Segments in this Video

Unsolved Cases (03:37)


Twelve hundred women from indigenous communities have been abducted and killed. A killer dismembered her on the side of the road on "The Highway of Tears." Brenda Wilson and Ray McChalco describe the condition of her body to Stacey Dooley.

Last Seen Alive (03:41)

Most individuals disappeared after attempting to hitchhike between logging communities and reserves. The government says that public transportation is not needed in these remote areas. Indigenous populations began to protest the widespread vanishings.

Prostitution (05:13)

Dooley travels to Edmonton and learns from Kerry Thomason about "death row" and working in the sex trade. 90% of the prostitutes are indigenous; members of the community target the girls. Shelly describes how she was raped and left naked on the side of the road.

Caucasian Perpetrators (02:39)

Most of the Johns that abuse the women are non-aboriginal. Dooley wonders if something went wrong in their own indigenous communities and travels Fort Chipewyan to obtain answers.

Fort Chipewyan (04:17)

Many reserves suffer from large percentages of unemployment, substance abuse, and domestic violence. Residential Schools took children away from their families and taught white Christian values. Steve Kootoray explains that these organizations stripped children of their cultural identity.

Leduc County, Edmonton (06:18)

Many agree that the prejudice exists against the indigenous population. Five women's remains have been found within a six-mile radius. April Eve describes how police mishandled the investigation.

Vancouver, British Columbia (03:20)

Laurent Mishna, a detective with the police department, worked on the Robert Pickton serial killer investigation. Indigenous disappearances were ignored.

Racism in Canada (03:10)

Dooley appears on Ched Nation to raise awareness for indigenous women who are being murdered. Canadians call in to express the benefits and drawbacks of residential schools.

Opinions on Race Racism (03:01)

Donna, a taxi driver, insists that she treats all people who enter her cab the same way regardless of race and does not appreciate how the indigenous population does not work to earn a living. Dooley explains that perhaps they are self-medicating; an argument ensues.

Alexis Nakota Siox Reserve (04:14)

Dooley travels to Alberta to meet Eva Potts. Misty Potts disappeared after doing drugs with friends. Daisy Pott explains that she believes her daughter was murdered by a member of the indigenous community.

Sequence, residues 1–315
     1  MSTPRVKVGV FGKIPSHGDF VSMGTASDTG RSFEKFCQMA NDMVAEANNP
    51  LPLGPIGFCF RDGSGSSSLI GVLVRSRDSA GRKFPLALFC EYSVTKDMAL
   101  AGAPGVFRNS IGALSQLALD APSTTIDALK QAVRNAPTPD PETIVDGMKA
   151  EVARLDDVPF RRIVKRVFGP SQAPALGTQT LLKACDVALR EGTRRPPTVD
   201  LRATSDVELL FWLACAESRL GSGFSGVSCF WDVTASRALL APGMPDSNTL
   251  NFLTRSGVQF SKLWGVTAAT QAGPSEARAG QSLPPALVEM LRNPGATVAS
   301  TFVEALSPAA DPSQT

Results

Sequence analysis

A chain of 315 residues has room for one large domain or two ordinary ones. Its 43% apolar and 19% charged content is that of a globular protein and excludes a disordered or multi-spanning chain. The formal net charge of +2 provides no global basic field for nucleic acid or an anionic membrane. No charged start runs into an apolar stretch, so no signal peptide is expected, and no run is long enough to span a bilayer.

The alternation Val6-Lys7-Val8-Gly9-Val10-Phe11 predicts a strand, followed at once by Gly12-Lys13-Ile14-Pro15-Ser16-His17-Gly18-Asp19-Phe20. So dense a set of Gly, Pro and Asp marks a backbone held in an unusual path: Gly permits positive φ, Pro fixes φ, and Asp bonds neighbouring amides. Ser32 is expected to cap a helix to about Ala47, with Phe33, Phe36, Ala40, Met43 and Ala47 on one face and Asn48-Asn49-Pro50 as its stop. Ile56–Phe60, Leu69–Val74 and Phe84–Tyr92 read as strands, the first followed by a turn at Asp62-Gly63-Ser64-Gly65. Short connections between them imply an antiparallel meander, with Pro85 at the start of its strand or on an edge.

Solving the Cases (04:34)

Justin Trudeau launched a $50 million inquiry into the disappearances. Dooley meets with Gary Stanke from the Royal Canadian Mounted Police. The Superintendent acknowledges that Amber Tuccaro's case was mismanaged.

Ongoing Problems for Indigenous Women (06:18)

Indigenous females still come to the city to work in the sex trade. Thomason writes down a John's type of vehicle, license plates, and characteristics. Vivian Tuccaro describes her hopes for her grandson.

Credits: Stacey Dooley Investigates: Canada's Lost Girls (00:32)

Credits: Stacey Dooley Investigates: Canada's Lost Girls

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Stacey Dooley Investigates: Canada's Lost Girls

DVD (Chaptered) Price: $300.00
DVD + 3-Year Streaming Price: $450.00
3-Year Streaming Price: $300.00



This emotional, hard-hitting film takes Stacey Dooley to a remote part of Canada to investigate why the regular disappearance or murder of hundreds of young women from indigenous communities has largely been ignored. She discovers that in the last 30 years, an estimated 4,000 women from these First Nation communities have gone missing or been killed. And the vast majority were aged under 30. Why were so many of their killers never brought to justice—and why have incidents like the brutal murders of two 15-year-old girls failed to make the headlines? Stacey uncovers a tale of shocking racism and sexism by police, as well as prejudice from government services.

Length: 52 minutes

Item#: BVL145446

ISBN: 978-1-64347-207-2

Copyright date: ©2017

Closed Captioned

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Not available to Home Video and Publisher customers.